First Successful Penis Transplant Surgery Raises Unusual Questions
Among them, how do organ procurement teams approach a dying patient's loved ones to ask if they would like to donate their son's or husband's penis?
How Do You Ask Grieving Parents To Donate Their Son's Penis?
He had already been talking to the grieving family for hours when he got the call from his bosses at the New England Organ Bank. The patient who had just died, they said, looked like a good candidate to donate more than just his kidneys and lungs. Would the family be willing to donate his penis? Even under normal circumstances, Daniel Miller-Dempsey’s job can sound impossible. When a patient is declared brain-dead, but is still on life support, he asks the family about removing their loved one’s organs and putting them into other people. The patient’s lungs are still breathing, the heart still pumping, the skin still pulsing with blood. “You have to have a family get to a point where they understand that [their loved one] has died, even though they look the same as they did the day before,” he said. (Boodman, 5/20)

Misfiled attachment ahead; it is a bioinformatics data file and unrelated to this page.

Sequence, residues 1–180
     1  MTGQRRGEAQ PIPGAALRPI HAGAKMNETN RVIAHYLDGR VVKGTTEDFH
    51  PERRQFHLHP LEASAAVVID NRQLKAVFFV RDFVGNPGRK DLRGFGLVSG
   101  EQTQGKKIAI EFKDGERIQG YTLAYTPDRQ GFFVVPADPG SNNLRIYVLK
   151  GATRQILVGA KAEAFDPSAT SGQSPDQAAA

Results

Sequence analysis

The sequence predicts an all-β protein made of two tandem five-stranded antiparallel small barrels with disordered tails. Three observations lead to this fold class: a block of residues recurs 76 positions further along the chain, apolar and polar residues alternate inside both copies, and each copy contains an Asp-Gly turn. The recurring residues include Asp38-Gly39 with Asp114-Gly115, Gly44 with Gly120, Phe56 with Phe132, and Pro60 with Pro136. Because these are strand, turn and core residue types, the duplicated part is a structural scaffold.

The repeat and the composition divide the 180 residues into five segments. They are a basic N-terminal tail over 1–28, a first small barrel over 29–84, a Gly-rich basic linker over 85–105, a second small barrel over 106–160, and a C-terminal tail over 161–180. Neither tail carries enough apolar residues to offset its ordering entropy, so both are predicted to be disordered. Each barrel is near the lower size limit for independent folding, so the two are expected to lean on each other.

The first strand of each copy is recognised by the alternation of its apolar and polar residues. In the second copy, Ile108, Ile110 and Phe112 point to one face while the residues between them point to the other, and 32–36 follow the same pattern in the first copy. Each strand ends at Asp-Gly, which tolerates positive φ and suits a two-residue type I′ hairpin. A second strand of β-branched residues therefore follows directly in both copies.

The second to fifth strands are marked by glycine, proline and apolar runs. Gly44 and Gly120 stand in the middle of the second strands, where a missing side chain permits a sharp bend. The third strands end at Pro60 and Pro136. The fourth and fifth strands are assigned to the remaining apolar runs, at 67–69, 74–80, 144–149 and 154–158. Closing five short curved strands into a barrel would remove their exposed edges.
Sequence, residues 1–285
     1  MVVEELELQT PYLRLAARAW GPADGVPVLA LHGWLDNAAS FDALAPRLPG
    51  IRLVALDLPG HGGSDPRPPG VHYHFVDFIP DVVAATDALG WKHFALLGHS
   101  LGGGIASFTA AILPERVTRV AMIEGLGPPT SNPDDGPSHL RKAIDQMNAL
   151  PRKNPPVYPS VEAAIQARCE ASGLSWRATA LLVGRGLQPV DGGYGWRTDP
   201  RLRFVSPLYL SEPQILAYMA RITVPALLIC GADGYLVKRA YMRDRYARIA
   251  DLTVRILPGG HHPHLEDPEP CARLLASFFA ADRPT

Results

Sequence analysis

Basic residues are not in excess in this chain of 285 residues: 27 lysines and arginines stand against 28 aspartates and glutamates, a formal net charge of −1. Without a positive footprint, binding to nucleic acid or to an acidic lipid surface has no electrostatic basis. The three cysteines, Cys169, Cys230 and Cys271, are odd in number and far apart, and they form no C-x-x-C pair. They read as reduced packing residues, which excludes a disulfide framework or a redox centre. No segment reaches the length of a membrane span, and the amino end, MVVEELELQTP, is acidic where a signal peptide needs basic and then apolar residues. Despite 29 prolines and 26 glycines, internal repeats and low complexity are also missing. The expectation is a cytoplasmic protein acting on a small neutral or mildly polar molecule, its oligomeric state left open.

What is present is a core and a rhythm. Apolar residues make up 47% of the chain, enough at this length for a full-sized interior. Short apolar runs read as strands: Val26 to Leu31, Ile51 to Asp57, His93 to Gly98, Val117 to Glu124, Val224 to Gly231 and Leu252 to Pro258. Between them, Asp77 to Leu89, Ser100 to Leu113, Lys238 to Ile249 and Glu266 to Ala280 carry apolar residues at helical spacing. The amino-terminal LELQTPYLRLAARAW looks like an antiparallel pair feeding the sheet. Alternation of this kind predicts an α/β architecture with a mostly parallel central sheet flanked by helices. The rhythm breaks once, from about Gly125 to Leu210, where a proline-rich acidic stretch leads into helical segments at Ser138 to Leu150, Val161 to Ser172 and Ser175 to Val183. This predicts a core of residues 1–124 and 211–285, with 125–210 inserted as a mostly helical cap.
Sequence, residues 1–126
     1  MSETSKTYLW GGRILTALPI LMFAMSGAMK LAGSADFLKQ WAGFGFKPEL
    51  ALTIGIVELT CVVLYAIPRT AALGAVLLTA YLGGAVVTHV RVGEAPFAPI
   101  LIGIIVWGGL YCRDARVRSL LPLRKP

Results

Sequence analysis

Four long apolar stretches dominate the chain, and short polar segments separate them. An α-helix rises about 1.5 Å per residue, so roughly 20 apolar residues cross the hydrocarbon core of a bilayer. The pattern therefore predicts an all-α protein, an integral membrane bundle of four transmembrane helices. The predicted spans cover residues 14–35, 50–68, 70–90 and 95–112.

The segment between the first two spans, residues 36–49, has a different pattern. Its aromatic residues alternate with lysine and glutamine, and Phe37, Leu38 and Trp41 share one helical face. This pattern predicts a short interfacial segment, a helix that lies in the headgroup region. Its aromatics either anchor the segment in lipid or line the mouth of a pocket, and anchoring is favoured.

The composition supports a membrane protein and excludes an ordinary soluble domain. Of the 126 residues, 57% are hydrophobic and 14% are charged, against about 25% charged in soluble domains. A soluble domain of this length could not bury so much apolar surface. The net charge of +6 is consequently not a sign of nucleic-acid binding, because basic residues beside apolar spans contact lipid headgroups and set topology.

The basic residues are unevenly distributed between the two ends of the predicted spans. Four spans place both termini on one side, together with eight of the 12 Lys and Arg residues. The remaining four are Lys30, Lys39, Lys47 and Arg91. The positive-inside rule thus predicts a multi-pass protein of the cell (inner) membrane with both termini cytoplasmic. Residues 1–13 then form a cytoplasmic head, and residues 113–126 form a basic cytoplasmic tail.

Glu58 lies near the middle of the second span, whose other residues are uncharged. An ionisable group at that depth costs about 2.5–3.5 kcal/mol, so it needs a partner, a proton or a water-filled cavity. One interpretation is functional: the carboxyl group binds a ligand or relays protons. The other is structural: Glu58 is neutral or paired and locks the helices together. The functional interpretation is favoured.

The Associated Press:
New Penis Recipient Looks Forward To Being A 'Complete' Man
The recipient of the nation's first penis transplant says he is looking forward to walking out of the hospital a "complete" man. "There is no doubt in my mind that everything is going to work. And I mean everything," 64-year-old Thomas Manning said Wednesday with a grin as he continued to recover at Boston's Massachusetts General Hospital. "You can interpret that any way you wish." (5/19)